Will the tea party embrace Tim Pawlenty? Head to Boston today to find out. The former governor of Minnesota and all-but-declared presidential contender is headlining a tea party rally there this afternoon, where he's likely to demagogue against the just-passed budget deal while burnishing his anti-tax, small government bona fides. But it's far from certain whether his record will stand up to tea party scrutiny.
R.T. Rybak sure doesn't think it will. Rybak's the Democratic mayor of Minneapolis, and was in office during the Pawlenty years. On a conference call with reporters yesterday, Rybak slammed Pawlenty's self-engineered reputation as tax slashing, job-creating governor. According to Rybak, Pawlenty's claim that he never raised taxes on Minnesotans just isn't true. Among other things, he pointed to Pawlenty's cuts to local government aid—to the tune of $2.7 billion—that forced mayors across the state to gut health and human services programs and hike property taxes. As a result of Pawlenty's cuts, property taxes across the state went up 65 percent. "If the tea party really knew how much Tim Pawlenty raised taxes in Minnesota, they would throw him in Boston Harbor," Rybak said.
Pawlenty shrugs off any responsibility for those tax increases, but he could have a tougher time explaining away his decision to accept federal stimulus dollars, and the "health impact fee"—a tax—on cigarettes he signed into law in 2005. In the end, taxes went up for 90 percent of Minnesotans under Pawlenty. His economic strategy, Rybak said, was simple: "If you lower taxes on the highest earners, and you gave targeted tax breaks to a few lucky companies, it would create more jobs… If the tea party wants taxes to go down, they've got the wrong guy."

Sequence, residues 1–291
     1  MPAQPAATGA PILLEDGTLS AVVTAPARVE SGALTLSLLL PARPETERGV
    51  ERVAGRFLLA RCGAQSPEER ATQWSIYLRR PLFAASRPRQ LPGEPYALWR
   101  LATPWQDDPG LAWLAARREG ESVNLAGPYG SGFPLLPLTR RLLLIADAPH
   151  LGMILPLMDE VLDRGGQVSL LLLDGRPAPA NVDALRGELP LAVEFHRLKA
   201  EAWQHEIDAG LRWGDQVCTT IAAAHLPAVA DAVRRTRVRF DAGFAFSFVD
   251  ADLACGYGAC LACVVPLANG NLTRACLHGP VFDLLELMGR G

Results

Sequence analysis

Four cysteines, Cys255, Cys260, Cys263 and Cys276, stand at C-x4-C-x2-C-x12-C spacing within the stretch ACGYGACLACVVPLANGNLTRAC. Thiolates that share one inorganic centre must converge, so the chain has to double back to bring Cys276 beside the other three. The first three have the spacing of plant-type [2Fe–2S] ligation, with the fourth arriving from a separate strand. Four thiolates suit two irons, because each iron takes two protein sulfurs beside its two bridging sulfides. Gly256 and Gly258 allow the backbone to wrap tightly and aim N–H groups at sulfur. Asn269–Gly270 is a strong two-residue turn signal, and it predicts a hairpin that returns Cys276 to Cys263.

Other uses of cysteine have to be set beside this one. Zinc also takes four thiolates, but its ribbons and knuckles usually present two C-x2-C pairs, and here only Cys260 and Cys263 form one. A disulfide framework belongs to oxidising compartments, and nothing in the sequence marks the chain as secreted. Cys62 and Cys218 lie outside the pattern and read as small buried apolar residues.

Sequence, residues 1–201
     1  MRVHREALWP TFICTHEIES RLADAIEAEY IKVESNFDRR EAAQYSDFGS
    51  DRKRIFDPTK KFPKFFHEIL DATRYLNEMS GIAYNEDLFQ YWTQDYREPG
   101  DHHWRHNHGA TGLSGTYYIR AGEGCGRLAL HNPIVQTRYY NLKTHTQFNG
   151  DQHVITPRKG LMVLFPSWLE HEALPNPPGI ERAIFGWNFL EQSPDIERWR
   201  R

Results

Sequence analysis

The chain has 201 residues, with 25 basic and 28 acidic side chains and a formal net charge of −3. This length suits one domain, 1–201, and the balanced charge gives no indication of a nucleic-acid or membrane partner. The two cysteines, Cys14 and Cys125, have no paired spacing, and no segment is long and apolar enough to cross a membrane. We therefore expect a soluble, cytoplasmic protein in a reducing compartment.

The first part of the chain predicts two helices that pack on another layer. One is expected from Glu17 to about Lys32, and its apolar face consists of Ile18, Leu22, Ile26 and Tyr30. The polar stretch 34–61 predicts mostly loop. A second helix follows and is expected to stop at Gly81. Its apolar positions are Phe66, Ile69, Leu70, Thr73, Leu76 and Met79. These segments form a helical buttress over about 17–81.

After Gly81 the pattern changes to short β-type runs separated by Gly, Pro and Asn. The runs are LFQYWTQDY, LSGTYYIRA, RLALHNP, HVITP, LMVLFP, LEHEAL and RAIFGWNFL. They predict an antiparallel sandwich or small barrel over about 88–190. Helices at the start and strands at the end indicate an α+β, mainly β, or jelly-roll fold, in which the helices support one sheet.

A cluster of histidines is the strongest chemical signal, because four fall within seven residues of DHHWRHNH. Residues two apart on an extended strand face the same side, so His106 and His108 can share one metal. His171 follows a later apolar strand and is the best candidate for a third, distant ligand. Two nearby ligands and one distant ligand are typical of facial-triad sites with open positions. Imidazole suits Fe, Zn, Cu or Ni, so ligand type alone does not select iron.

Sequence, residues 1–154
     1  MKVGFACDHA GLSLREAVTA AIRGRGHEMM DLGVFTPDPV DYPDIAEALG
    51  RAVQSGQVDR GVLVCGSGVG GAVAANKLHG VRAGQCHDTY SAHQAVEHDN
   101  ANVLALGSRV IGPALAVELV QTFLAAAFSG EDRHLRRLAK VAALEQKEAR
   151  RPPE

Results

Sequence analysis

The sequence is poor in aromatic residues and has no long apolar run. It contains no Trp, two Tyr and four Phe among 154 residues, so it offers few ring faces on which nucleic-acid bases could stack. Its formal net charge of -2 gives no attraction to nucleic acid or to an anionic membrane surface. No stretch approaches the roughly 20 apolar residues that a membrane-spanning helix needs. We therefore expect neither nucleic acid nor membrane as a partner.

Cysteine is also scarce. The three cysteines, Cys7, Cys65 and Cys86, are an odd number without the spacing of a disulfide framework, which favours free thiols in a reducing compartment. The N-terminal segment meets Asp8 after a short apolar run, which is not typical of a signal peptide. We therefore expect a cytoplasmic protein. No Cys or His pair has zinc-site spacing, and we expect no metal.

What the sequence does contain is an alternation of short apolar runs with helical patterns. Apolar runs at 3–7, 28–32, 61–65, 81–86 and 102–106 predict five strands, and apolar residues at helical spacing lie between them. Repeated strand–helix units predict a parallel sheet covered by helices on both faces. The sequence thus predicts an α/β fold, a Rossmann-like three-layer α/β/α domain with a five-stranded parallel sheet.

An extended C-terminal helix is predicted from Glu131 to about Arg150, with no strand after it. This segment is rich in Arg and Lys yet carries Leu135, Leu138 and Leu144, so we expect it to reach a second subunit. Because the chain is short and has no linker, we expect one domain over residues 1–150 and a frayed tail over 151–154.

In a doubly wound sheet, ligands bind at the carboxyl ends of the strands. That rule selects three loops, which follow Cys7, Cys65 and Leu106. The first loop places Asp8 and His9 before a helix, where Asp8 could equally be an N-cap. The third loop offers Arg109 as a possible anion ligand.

Even Pawlenty's own recently hired pollster, Jon Lerner, acknowledged some unspecified "bad marks" on his record, perhaps referring to the $5 billion budget deficit Pawlenty left behind.
So will the tea party buy what Pawlenty's selling? He better hope so. With few legislative accomplishments to flaunt and a still-forming national profile, Pawlenty could use a strong showing today in Mitt Romney's backyard.